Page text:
Nick Diaz has never celebrated particularly well -- there’s too much to brood over, even in times of perceivable triumph.
Like the time he packed B.J. Penn up for an ambulance ride. That was a reluctant piece of business that he wanted nothing to do with. It didn’t stop the forces behind the curtain that are against him. Neither did the subsequent news that he’d been re-inserted into a title shot with Georges St. Pierre over Carlos Condit.
He peeked behind the curtain and saw that he was being cast as the bad guy on the spot for calling St. Pierre a faker. He saw through what was happening immediately. He knows exactly what we’re up to.
But at this point, Nick Diaz isn’t a bad guy -- and he’s never been one. He’s Nick Diaz. There’s a distinction. Bad guys are the notorious prodders who look to get under people’s skin; Diaz is just very protective of his version of reality. If he didn’t live in Stockton, Calif. among the riff-raff searching for lively cigarette butts on the sidewalks, he’d lose his bearings. When he goes on runs from his Stockton neighborhood into the nicer areas, he sees that people have fountains, yards and side yards with additional fountains. This peeves him on unfathomable levels; he thinks of slights and Floyd Mayweather’s millions and of people having their laugh.
That’s an active chip sitting there on his shoulder -- noteworthy because it’s a permanent fixture. He’ll never apologize for it. And that’s one of the reasons we love Diaz the man, or hate him -- it’s such a thin line. Where the fighter begins and the man ends, we don’t know. It’s possible they can’t be kept separate. There are those who can’t stand his contradictions and his disrespectful attitude. He’s either a martyr with the best boxing skills in MMA, or he’s a thug who can stuff a double-leg unlike some millionaires out there. As Walt Whitman said, “I contradict myself? Very well, I contradict myself. I am large. I contain multitudes.”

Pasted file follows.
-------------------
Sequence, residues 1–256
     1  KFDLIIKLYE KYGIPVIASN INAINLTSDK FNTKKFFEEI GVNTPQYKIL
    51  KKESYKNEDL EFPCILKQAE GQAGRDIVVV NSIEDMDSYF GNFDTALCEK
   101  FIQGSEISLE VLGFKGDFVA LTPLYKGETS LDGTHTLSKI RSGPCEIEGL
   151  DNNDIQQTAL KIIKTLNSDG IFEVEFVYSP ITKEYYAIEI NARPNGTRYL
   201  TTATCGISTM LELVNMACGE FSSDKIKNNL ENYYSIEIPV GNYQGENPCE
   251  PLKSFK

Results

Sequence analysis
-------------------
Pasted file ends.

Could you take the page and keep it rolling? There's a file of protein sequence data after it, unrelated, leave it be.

So does Diaz.
Which brings us around to the paradox -- Diaz wants nothing to do with those richer areas on his jogging route. Can you imagine him with a fountain? No. Diaz is best in the gutter looking up at the stars, because the gutter is his muse. It’s a kind of necessity, and we pick up on this and admire -- on some level -- his conviction. Those paranoias he harbors? They work as fuel to his drive, regardless of how he acquires them. And envy is just a word he uses for hunger.
How much of this is conscious we’ll never know, but Stockton is who he is, through and through. Diaz has plenty of money to move anytime he wants; he doesn’t acknowledge having a bank account, and maybe he shouldn’t. It’s not endless training that keeps him from browsing the market, it’s a gut feeling that he’s exactly where he needs to be for now. The street runs in him deep. We visit it vicariously when he tells us about it. And we have to, because no media will dare step foot in Stockton. (Though don’t tell writer Ben Fowlkes, who went to Stockton for a FIGHT! magazine assignment a couple of years ago and waited around for days for a Diaz who never showed).
Diaz is an iconoclast not because he’s trying to be, but because he can’t help it. For all the odds he beats, he sees them growing longer. He fights as a necessary evil. He wins, and it’s salt in the wound. Eh, you know what? It’s all as it should be.
As long as he’s mad at the situation, we’re dealing in vintage Diaz, the only one we know.